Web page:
In the post you are reading now, the links I use are in light blue. You will be led to click the links if you want to find further details about the text. That is a well-known process followed through the whole post and common to all the blogs published on the internet.

Content

Our pages need to show content relationships for the visitor to navigate a website. Content hierarchies structure the site; they involve the strategic placement of the content to organise the information delivered by the website. Our eyes perceive visual information more than as blocks of data, and the manner we perceive information is affected by features that influence how we rank content hierarchy and directly become engaged with the website content’s message.

moss51 page using Similarity Principle

In my website moss51.com, you can see the Menu uses Proximity and Similarity to show that the names of each category belong to one group. They are related. But under the menu item “Our Work” you can see that the CSS shows a list of pages that also have a relationship. A closer relationship than the one relating to the item names. Therefore, more related than the others. This reinforces the content hierarchy visually explains what connects to what and quickly helps the visitors find what they want.

Organisation

The organisation is necessary not only for content but also for other aspects of the website. It helps us to understand which elements are related to one another and the relationship they form.

similarity principle in Gestalt Theory

We can see in this example, that the elements are arranged into horizontal rows since the colours are the differing feature as the shapes are consistent. The colours used implies the relationship and create the structure of the composition.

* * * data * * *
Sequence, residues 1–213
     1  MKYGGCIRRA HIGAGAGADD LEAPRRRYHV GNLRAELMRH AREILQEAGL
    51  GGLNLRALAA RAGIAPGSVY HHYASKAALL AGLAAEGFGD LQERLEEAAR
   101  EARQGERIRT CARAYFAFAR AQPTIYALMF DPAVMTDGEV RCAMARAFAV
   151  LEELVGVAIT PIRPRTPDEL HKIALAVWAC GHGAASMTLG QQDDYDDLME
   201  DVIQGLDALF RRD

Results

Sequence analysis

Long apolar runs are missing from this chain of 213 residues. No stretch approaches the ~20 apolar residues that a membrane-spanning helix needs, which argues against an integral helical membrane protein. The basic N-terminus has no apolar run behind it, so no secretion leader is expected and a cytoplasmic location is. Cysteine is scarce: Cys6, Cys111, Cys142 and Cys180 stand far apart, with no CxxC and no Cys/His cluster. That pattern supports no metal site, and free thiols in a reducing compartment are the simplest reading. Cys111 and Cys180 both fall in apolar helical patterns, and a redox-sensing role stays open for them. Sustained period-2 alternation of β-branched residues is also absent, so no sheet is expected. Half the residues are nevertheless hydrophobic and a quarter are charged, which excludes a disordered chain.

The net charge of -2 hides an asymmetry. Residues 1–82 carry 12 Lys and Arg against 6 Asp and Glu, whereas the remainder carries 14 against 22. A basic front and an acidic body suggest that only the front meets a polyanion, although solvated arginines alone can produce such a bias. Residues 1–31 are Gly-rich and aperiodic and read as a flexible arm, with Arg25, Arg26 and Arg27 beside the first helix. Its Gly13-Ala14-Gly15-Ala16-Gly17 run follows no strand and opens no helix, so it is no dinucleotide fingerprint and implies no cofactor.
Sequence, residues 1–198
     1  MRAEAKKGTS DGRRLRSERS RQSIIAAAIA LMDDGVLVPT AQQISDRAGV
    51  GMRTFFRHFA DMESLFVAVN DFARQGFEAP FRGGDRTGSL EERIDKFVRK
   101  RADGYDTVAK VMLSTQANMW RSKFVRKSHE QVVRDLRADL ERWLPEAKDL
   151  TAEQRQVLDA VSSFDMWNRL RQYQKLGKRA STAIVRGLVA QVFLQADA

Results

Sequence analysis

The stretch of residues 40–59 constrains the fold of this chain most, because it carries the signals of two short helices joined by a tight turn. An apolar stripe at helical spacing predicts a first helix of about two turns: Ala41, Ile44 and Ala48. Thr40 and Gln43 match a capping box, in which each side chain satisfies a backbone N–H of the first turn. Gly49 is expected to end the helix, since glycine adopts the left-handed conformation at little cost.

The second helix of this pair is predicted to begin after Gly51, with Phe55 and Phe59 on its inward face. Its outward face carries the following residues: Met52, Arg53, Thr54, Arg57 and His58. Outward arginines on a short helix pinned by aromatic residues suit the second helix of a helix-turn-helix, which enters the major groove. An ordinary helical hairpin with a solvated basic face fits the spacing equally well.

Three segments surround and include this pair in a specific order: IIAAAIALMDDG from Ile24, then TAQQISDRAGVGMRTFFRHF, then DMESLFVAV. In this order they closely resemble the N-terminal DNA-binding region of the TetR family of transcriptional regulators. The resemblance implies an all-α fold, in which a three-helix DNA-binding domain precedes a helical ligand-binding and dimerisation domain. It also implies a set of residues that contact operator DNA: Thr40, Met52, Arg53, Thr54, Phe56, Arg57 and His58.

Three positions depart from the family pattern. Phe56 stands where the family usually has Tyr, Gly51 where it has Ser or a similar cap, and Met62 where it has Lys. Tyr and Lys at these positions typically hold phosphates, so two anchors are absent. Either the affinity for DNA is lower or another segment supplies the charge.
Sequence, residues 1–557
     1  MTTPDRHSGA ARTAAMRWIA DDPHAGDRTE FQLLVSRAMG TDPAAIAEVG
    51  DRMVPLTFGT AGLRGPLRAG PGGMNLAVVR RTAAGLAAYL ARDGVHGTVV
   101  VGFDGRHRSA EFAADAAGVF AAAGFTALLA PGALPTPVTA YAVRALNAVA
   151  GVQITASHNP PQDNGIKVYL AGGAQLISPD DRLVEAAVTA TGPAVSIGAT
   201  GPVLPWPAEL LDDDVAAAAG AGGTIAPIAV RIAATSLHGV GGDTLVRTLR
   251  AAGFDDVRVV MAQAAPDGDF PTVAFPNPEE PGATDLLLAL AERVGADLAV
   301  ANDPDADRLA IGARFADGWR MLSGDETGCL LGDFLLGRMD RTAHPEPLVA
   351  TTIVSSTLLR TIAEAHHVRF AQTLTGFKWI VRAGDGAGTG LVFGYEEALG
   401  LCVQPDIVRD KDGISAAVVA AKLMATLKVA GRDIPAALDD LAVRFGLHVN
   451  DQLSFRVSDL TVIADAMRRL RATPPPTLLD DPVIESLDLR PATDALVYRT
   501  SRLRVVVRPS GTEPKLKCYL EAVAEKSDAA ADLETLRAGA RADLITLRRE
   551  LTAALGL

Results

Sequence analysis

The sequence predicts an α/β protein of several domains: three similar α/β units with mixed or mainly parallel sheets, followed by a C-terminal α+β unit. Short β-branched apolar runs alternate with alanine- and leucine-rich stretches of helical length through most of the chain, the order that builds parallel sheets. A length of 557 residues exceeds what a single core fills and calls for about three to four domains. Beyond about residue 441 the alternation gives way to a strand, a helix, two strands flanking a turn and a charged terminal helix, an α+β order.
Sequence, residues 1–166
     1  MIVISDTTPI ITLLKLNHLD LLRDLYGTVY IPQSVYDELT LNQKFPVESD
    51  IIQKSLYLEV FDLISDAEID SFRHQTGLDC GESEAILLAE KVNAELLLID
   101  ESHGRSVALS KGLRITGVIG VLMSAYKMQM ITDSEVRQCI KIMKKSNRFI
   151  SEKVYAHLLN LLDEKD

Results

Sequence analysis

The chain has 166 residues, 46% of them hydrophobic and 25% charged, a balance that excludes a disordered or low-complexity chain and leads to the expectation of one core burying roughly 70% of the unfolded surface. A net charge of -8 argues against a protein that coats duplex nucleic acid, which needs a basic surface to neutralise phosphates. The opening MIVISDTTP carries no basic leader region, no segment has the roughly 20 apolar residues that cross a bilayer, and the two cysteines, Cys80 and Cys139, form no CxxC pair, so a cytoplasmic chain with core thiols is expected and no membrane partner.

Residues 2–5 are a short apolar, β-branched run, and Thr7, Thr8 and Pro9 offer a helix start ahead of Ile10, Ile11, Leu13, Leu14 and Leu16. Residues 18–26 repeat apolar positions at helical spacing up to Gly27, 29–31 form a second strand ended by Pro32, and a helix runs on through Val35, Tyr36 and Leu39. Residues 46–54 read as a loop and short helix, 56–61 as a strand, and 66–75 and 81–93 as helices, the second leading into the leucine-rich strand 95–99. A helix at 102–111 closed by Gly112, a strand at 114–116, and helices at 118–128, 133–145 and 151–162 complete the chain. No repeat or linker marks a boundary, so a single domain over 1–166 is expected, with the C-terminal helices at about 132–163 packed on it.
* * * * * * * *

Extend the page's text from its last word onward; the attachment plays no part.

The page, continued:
A Fundamental To Follow

The aspects I have talked about today, and others in this series seem considerably basic, and they are. They are part of the fundamentals of graphic design and the all-important perspective of how our viewers will see our design or website and the message they will get from them.

Fundamentals are essential to allow you, graphic and web designers, to produce your own conceptual depths in both kinds of design. It opens our minds to the avenue of what we can do.

Our next article will cover another principle of Gestalt Theory. If necessary, go back and re-read the previous posts and use the new material to complement your reading. This is how we learn, and this is my own fundamental, to keep learning and sharing and learning.

Please, leave your comments, suggestions, feedback. I am listening.

  • Editor’s Note: images shown in this article refer to the previous lay out of Moss51.com website which has been replaced.

Sources:
https://www.templatemonster.com/blog/gestalt-similarity-law-templatemonster-templates/
https://www.smashingmagazine.com/2019/04/spaces-web-design-gestalt-principles/
https://www.smashingmagazine.com/2019/04/spaces-web-design-gestalt-principles/
Photo by Cleyder Duque from Pexels

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Cidinha Moss

Cidinha Moss

Cidinha Moss is the founder of Moss51 Art & Design, an SEO Content Writing and Web design studio. She is a content writer and web builder with a background in languages, education, and entrepreneurship with years of writing, teaching, and providing effective text, images, and web designs to her clients. You can find her on Facebook or LinkedIn.